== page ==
“Better Than Therapy”: Why these AU Students Chose Comedy

by Sarah Ross

In lieu of waiting for AU’s Counseling Center to give mediocre advice and a referral to an expensive off-campus psychologist, some brave AU students had a better idea: comedy.

Evidently, AU’s mental health aid is failing more of us than we thought because the event, hosted this past Saturday at 7:30 at Tenley Bar and Grill, was sold out and had a long waitlist. AU proved once more that its student body was eager to search out another coping mechanism, and honestly, this one was pretty awesome.

“Better Than Therapy: A Night of Stand-Up Comedy” featured 5 incredible AU students/comedians and a fabulous setting at Tenley Bar and Grill. It was not lost on the audience or staff that many of the jokes referred to underage drinking in an actual bar. Host Emily Brolin succinctly wrapped up the mood of the night before it even started by reminding us, “you’re welcome to be here.”

Personally, I felt blessed to witness such incredible comedy masterminds all lovingly roped into this by the indomitable producer Rebecca Lamis. None of the performers had ever done stand-up before, but it was, as the kids say, lit.

The audience was quickly put in its place as first performer Katey Clausen asked us how we were doing, and then responded: “Well, great, but it’s not about you.” No, this night was about tales of weird neighbors, bad summer jobs, drunken benders, and generally explaining why college is a scam.

At the same time, the night was about us. It was a night for listening to stories, laughing at mishaps, and, like the true wonks we are, learning. We learned about the many forms of evil in this world, from kids to neighbors to tuition. The jokes struck a perfect balance between relatable and intriguing, managing to cover topics you didn’t even realize you related to. Indeed, almost no stone was left unturned. In the word’s of Saturday Night Live’s Stefan, this event had everything: mango Juul pods, a hot barista, a drunken FaceTime from a friend currently abroad.

Being in DC and AU, there was enough diversity in content for the two main categories of AU students and alumni: “white collar-criminals and people that are so wonky they think talking about tax policy is foreplay,” as Hannah Zak thoughtfully stated. Rosie DeLuca catered to both AU professors and students by giving a slam poem about how pointless class is, tips on how to make Blackboard assignments more fun (Spoiler: give them clickbait titles), and pinpointing the exact fault of the guy who wore a Confederate flag sweatshirt to TDR: he went to TDR. (But seriously, fuck that dude.)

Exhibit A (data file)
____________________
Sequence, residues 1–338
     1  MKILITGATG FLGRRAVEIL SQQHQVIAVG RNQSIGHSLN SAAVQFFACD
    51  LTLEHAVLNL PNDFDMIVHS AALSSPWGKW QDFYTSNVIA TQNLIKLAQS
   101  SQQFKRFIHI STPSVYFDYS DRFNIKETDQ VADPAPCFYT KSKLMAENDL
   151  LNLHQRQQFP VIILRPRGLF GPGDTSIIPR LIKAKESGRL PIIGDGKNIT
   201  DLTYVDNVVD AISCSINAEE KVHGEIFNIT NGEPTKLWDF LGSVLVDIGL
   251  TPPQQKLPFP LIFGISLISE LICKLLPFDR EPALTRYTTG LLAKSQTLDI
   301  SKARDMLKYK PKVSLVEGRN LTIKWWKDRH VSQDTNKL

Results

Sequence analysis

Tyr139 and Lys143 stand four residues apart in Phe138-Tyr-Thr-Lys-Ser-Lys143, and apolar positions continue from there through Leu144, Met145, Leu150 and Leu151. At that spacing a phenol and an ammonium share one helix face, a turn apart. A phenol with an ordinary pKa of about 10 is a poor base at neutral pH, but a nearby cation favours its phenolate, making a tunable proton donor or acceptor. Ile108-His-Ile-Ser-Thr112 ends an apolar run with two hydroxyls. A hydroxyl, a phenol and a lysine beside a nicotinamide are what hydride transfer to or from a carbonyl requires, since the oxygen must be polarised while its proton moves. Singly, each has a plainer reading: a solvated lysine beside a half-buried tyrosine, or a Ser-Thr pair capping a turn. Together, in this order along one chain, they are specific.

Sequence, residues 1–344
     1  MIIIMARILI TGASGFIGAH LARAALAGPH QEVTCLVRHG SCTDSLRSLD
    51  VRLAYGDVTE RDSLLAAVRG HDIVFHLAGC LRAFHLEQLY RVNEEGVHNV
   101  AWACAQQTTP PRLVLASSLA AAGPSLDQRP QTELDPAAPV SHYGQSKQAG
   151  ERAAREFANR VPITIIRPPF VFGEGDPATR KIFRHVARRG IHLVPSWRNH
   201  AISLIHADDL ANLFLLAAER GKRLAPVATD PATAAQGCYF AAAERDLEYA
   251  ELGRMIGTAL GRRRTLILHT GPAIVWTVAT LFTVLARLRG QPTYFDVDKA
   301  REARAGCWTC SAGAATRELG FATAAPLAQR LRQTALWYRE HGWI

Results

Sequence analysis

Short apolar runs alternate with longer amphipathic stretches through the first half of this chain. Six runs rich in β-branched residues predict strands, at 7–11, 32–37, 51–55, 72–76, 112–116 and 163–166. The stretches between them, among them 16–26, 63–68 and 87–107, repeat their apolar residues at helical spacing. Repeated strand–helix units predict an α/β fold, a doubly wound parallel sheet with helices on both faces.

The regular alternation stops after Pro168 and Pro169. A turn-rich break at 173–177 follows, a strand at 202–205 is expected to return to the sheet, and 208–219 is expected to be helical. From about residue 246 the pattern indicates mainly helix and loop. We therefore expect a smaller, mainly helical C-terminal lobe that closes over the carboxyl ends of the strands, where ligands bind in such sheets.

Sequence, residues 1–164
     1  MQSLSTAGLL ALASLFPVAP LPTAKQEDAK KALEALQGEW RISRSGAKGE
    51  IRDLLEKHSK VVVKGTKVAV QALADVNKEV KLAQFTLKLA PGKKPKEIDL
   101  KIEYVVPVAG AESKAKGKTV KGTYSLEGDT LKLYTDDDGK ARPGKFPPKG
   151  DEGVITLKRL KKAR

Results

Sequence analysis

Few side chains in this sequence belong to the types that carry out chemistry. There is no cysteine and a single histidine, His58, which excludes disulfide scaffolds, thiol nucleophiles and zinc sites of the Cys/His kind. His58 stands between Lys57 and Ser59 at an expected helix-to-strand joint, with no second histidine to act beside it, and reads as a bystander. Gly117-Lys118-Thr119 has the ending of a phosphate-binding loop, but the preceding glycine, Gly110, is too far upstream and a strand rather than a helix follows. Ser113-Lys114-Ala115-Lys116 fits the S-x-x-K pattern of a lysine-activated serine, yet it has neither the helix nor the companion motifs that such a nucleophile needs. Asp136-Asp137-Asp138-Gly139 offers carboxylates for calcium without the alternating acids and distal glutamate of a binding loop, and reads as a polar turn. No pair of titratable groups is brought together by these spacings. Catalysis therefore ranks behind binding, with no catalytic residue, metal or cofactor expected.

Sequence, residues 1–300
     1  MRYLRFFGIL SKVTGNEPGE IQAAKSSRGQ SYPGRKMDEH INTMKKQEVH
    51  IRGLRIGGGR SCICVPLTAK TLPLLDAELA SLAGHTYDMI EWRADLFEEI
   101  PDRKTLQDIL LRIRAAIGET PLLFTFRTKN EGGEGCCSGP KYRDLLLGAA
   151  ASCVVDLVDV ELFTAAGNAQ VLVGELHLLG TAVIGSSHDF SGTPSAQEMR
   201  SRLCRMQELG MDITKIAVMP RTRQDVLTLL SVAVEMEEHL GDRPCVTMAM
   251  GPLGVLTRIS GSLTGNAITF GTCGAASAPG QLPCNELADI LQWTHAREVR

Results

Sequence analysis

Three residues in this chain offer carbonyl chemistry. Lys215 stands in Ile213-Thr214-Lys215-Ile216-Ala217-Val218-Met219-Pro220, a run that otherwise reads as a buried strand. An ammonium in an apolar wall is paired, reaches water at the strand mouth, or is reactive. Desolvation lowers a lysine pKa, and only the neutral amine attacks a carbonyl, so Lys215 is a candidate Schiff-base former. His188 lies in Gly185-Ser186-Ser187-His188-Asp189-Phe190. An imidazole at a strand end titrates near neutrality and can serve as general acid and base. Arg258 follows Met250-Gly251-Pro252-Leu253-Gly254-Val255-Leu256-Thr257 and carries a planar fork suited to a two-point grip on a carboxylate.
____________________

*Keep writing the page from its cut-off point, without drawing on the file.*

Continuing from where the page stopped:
Another demographic met its match when Daniel Giles bravely decided to step up as one of AU’s six boys and remind us to respect the Midwest, or at least his summer of frantically trying to control 5-7 year old children, which explains how he was able to tame a crowd of tipsy AU students and random bar patrons. Stuck between the generational gaps of evil children and naked grandfathers asking him about the Cardinals game, Daniel bravely pushed on to make it to DC, where the only uneasy moments come from almost being killed by a ventriloquist dummy and its parents on the Metro.

The stories told made for a rollercoaster of relatable moments, secondhand embarrassment, and confusion. When Fabiola Enid dramatically and beautifully demonstrated how she was a sloppy drunk by spilling a metaphorical glass of wine and a real glass of water all over the stage, I felt that. Haven’t we all been there? Maybe not even as a sloppy drunk but just, like, emotionally? Truly, her display was a testament to the hard work she did last semester studying theatre in London. Few spilled drinks could compare. Take notes, kids.

Hannah Zak started out giving us a lesson for future comedy shows: It’s kind of not cool to respond to news of someone doing stand up by saying, “Oh, you’re so brave.”

Now, I respect this, but I also beg to differ. It takes nerves of steel to reveal private information on a non-social media platform. As Zak said, it could just stem from her need for constant attention. Nevertheless, I commend her candor.

Honestly, I applaud all of these comedians, pun intended. Not just because they performed and were all hysterical, but because of the way they approached the whole show. Before the show I asked them why they did it, and what AU should take away from this. I half-expected some wonk joke or dig at the student body, but what they said and what they showed served as a lesson to me and I think to the entire audience: “Try a new hobby,” said Zak.

Do something you’re not used to. Go up and do it. If it doesn’t work, you can move on. But in the meantime, you tried something and you had fun. You learned something about yourself, and after all, isn’t that worthwhile? They also agreed that I should make the entire article just this video, but my editor vetoed that idea. Sorry, guys.

However, the fun won’t stop! Rebecca Lamis announced that another comedy show awaits us at Tenley Bar and Grill on February 16th at 7:30pm, with a new lineup of fresh faces. Be sure to come on down and laugh, drink, and heckle. So, make sure you bring your fake.